In 1859 Leighton moved permanently to London and established a house and studio in Holland Park, becoming very close with George Frederic Watts who also lived nearby. Throughout the 1860s Leighton exhibited works with a range of subjects at the Royal Academy, from the Old and New testaments, classical and historical pieces, to more aesthetic non-narrative pictures, with an ambition to prove his worth as an artist. He first submitted his name for election as associate in 1861, but was not elected until 1864 due to continuing resentful and suspicious attitudes towards him. However, his talent as an artist and rising status as a charismatic and very well-connected member of artistic circles both within and without the art establishment meant he could soon no longer be ignored.

Along with Watts, Leighton was at the centre of a group of artists known as the Holland Park Circle, who led the resurgence of interest in classical art during the mid-to-late nineteenth century, drawing on the influence of Ancient Greece and Rome. Classical subjects offered Leighton the prestige of high art, together with the freedom to experiment with different forms of body, drapery, decorative compositions and combinations of ideal types. In particular Leighton became obsessed with the depiction of drapery, and made numerous sketches of drapery arranged on the model's body when planning his compositions. To ensure accurate rendering of the fall and fold of fabric, he created small plaster studies of individual paintings for a composition [2]. He would drape the plaster models with wet muslin and experiment with different arrangements of the fabric. In an interview in The Studio (1893) Leighton explained the role that his small sculptural studies played in the composition of his paintings:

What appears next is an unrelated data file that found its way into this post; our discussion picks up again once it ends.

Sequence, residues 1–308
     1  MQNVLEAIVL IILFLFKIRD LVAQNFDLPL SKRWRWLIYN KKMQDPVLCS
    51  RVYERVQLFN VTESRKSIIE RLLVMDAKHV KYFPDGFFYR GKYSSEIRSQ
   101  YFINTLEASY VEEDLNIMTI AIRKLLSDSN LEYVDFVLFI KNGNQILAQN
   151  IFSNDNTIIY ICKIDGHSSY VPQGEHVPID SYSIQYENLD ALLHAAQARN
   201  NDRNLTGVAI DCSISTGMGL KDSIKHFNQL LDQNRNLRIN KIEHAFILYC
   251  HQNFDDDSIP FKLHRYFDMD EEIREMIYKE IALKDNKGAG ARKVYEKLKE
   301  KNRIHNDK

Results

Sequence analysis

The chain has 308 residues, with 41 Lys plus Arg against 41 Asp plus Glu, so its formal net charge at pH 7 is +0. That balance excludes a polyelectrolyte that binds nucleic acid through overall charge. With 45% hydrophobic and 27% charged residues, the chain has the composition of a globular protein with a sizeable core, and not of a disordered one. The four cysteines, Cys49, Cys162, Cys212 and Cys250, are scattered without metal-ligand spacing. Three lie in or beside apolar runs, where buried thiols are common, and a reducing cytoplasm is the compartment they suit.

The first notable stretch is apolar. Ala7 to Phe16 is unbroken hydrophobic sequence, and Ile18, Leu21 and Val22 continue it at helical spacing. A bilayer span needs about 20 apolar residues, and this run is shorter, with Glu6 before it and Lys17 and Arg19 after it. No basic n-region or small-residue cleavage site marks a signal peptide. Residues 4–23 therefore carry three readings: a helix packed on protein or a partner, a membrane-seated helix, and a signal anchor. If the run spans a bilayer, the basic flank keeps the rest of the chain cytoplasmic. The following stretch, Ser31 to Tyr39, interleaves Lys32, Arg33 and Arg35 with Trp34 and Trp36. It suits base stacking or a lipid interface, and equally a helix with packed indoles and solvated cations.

"these models are clad with real drapery wetted to increase the effect of its fineness in proportion to the small scale of the folds" and are made only for the sake of ten minutes drawings, the serious study of the drapery being made from the living model or the lay figure. They help also to facilitate the disposition of the grouping, but are done with as soon as the cartoon is ready for tracing."

Leighton was elected to full Academician in 1868 and served on the hanging committee for the first time. His diploma work St. Jerome depicts a religious subject, which differed from his more characteristic output of classical subjects at this time [3]. Leighton's biographer Mrs Barrington said it was 'one of those few works, which reflected the side of his nature about which he was profoundly reserved.'

By 1878 he was elected President of the Royal Academy and through his position strove to promote the arts, with a socially moral drive [4]. He continued to engage with and promote non-Academy exhibiting artists, acting as a bridge between the established and more avant-garde British art scene. Leighton was also concerned about the quality of art works available to the public and the acquisition activities of the nation's public art collections, and so was a member of the advisory boards of the British Museum, the National Portrait Gallery and the Sir John Soane's Museum.

Leighton's death was felt as a deep loss to the British art world. His last recorded words were 'My love to the Academy' and his body lay in state in the octagon room at the Academy before his funeral took place at St Paul's Cathedral. Sir Thomas Brock RA designed his bronze and marble tomb, depicting Leighton in repose and a figure at either end, each representing Painting and Sculpture [5].